Chris Cowell bio
Player: Chris Cowell
Jersey Number: 29
School: University of Richmond
Hometown: Devon, Pa.
Height, Weight: 6-4, 215
Best Baseball Memory: Reaching conference championship back-to-back years.
Greatest Baseball Accomplishment: Hitting 20 home runs last year.
Favorite Player Growing Up: Chipper Jones. He makes hitting look so easy.
Most Influential Player/Role Model: Parents. They shaped who I am today.
Favorite Food: Chipotle burrito.
Favorite Pregame Meal: Chicken sandwich.
Off-field hobbies: Going to the beach basketball.
Favorite Movie or Book: “The Dark Knight.”
Chris Cowell believes he can be a power-hitting catcher in the pros, much like he was in college at the University of Richmond. One look at his 6-foot-4, 215-pound frame, and that’s easy to believe.
That same frame, though, makes playing defense a greater challenge.
Cowell said the prototypical big-league catcher is about four to five inches shorter than he is. And of the other four Grand Junction Rockies catchers, two are 5-10 and two are 6-foot.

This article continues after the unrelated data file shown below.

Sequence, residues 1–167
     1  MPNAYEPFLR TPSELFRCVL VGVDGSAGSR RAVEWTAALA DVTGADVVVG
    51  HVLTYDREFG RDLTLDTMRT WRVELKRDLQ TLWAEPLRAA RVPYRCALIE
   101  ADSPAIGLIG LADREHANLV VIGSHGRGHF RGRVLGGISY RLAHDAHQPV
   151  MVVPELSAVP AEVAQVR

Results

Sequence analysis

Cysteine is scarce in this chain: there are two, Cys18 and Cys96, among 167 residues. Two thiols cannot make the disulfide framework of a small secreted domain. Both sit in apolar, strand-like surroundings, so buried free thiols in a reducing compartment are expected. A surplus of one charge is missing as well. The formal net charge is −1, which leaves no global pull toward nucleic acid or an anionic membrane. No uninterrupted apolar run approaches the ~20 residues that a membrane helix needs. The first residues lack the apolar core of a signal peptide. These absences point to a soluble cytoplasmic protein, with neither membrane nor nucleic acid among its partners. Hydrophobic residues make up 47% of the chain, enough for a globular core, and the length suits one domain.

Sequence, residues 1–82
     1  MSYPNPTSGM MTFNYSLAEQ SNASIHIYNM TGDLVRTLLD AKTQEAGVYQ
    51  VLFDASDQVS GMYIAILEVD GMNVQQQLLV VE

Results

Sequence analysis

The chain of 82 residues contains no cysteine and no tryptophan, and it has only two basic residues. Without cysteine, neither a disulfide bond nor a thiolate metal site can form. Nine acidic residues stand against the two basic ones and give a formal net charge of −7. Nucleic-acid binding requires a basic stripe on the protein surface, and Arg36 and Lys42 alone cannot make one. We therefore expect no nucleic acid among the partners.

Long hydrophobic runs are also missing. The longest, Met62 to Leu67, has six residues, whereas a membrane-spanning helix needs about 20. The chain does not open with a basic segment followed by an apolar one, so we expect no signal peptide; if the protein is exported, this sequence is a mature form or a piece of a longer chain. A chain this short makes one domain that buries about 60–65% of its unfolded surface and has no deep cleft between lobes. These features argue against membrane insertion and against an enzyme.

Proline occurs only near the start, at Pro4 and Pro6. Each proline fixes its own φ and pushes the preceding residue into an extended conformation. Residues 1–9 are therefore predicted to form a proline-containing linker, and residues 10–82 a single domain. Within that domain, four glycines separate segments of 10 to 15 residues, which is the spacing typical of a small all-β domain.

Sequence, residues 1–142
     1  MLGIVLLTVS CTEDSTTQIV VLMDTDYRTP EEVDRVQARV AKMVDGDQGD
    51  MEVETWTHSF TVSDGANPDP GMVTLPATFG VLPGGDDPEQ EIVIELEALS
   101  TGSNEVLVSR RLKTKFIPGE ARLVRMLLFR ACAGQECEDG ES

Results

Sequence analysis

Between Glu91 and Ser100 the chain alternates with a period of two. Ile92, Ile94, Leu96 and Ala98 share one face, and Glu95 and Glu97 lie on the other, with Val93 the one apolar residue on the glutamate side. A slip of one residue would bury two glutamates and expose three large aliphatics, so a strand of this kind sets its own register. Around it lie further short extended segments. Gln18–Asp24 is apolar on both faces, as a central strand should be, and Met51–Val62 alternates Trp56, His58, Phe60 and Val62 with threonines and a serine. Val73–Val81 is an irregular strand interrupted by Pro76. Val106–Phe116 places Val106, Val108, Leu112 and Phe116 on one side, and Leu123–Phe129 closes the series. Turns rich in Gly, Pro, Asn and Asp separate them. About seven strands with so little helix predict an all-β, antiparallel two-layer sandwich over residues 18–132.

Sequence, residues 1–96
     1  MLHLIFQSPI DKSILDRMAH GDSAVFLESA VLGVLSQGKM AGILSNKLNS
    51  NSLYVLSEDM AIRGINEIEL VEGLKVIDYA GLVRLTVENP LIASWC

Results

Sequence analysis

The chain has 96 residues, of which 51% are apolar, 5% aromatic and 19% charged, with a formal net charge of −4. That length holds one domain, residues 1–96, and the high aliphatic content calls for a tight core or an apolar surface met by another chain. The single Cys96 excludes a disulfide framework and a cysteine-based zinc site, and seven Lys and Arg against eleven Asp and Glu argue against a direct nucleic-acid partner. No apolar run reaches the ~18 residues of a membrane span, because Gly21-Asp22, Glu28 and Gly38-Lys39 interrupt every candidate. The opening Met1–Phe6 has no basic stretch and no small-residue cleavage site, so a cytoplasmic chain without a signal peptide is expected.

“The big thing for me,” Cowell said, “is trying to stay flexible. Being taller, I want to stay as low to the ground as I can, and that comes with being more flexible. ... I’ve got a lot more ground to cover, going up to down, as opposed to a guy that’s 5-11, 5-10 ... but I just stay with it, and it’s worked so far.”
Cowell believes he has the throwing arm to make it in the majors, and he has experience doing something many catchers don’t get to do in high school and college: He called pitches at Richmond. That experience, he said, gave him a good understanding of how to pitch to hitters and call a game and sequences.
Cowell realizes he has much to improve upon, and that’s his goal this season: Get better every day.
“I’ve been working with the roving catching instructor, and just within two days I’ve learned a ton,” he said. “Right now I’m just trying to be a sponge and absorb everything that’s being thrown at me.”
He doesn’t lack confidence when it comes to hitting, especially coming off a senior season in which he led the Atlantic 10 Conference in home runs and finished with a .371 average, 20 home runs and 58 RBI.
He rebounded from a junior season in which his numbers dropped after a breakout sophomore campaign that included 17 home runs. The steady diet of breaking balls and pitches off the plate that he saw as a junior got ripped by the confident senior.
“That’s what I expect from myself,” he said of his spring showing. “I consider myself a power hitter, so for me that means driving the ball to the gaps and driving it out of the park.”
— Tim Harty